One of the first tasks in putting up our 8m high rig was to ensure its safety, and the biggest unknown was the Kelvin Hall floor. It had clearly seen a lot of use with everything from athletes, gymnasts and even actual circus elephants on it over the years, and having been a building site for the last couple of years hadn’t helped matters. When erecting any truss one important factor is the floor. We needed to ensure the floor anchors would hold our rig up with the weight of people swinging on it. Previously we had used mechanical fixings drilled into the floor of the Briggait which were capable of holding over a tonne of load on each point.

If we wanted to be running aerial classes at Kelvin Hall I needed to test this floor to see what it could hold. After spending a day searching around for the exact tools we needed I put in the first anchor point and set it up for testing. With very little pressure the test point slid out like it was being pulled out of warm butter……..OK not to worry all floors are of varying consistency, let’s try that again at another spot…………Nope all the same! The concrete was of too poor a quality to use with our anchors.

So what was my plan B? One tried and tested solution was to use ballast, and we would need a tonne of weight for each point.To secure it for all of the different disciplines that swing on the rig in many different directions meant we’d need 12 tonnes of ballast, and this was not a practical solution because I’d effectively be building a 1m high wall all the way round the rig.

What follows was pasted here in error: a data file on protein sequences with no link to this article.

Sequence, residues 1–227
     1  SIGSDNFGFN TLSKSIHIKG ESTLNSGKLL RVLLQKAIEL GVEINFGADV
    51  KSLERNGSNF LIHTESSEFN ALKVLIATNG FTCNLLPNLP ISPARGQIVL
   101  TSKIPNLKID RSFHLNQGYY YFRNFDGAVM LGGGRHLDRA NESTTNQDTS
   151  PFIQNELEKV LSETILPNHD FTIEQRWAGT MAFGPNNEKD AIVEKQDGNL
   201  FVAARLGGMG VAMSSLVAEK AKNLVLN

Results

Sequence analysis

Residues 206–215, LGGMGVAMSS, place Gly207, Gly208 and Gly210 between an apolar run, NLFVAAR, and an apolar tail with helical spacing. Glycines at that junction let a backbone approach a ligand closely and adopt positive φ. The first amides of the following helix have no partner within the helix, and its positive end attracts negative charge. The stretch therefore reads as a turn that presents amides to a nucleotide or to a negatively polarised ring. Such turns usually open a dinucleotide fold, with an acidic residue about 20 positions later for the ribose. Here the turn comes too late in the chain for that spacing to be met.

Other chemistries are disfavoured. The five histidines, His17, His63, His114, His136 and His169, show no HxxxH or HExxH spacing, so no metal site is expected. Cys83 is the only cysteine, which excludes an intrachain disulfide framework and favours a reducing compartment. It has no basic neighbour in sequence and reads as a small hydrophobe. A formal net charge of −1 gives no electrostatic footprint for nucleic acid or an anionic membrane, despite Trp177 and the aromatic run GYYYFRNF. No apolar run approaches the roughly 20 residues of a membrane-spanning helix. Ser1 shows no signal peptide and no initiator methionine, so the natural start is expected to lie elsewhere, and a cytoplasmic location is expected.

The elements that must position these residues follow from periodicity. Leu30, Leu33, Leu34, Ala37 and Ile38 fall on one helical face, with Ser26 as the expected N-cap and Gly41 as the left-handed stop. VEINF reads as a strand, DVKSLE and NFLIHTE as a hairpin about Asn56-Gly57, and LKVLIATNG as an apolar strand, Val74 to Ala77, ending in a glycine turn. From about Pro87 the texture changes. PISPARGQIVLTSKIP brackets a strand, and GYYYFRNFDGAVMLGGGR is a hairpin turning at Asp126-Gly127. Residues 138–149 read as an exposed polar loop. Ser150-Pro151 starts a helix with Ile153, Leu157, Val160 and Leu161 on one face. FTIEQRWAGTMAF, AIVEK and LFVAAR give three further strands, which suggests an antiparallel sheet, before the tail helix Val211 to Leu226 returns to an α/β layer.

The more obvious solution was to change to using a chemical bonding agent and much bigger anchors. The only problem with this was all of the engineering companies who could supply them were closed through to the second week of January. By this time numerous vans had been delivering circus equipment, tumble tracks were being assembled around us and acrobatics areas being built. We were pretty sure we’d be able to run floor based classes as soon as we had a floor and some mats, the rest was looking a bit doubtful.

This is yet another point in the story that proved that having good friends to the organisation was invaluable, especially when they turn up and deliver exactly what you need when it’s something seemingly unattainable. Floor anchors, chemical bonding agent an applicator and help in getting it all installed! Who knew…? 24 hours later we had the floor points in and tested.

Due to the limited availability of lifting equipment in Glasgow over the festive period we found we were left with the metaphorical last turkey in the shop and we soon realised the equipment we been supplied wasn’t up to the task as it wasn’t capable of lifting our rig to anything above 5 meters, just over half the height we needed. This is a procedure we’ve performed several times over the years so we had a good working method to do it safely but without fully functioning equipment we knew we were not going to get anywhere.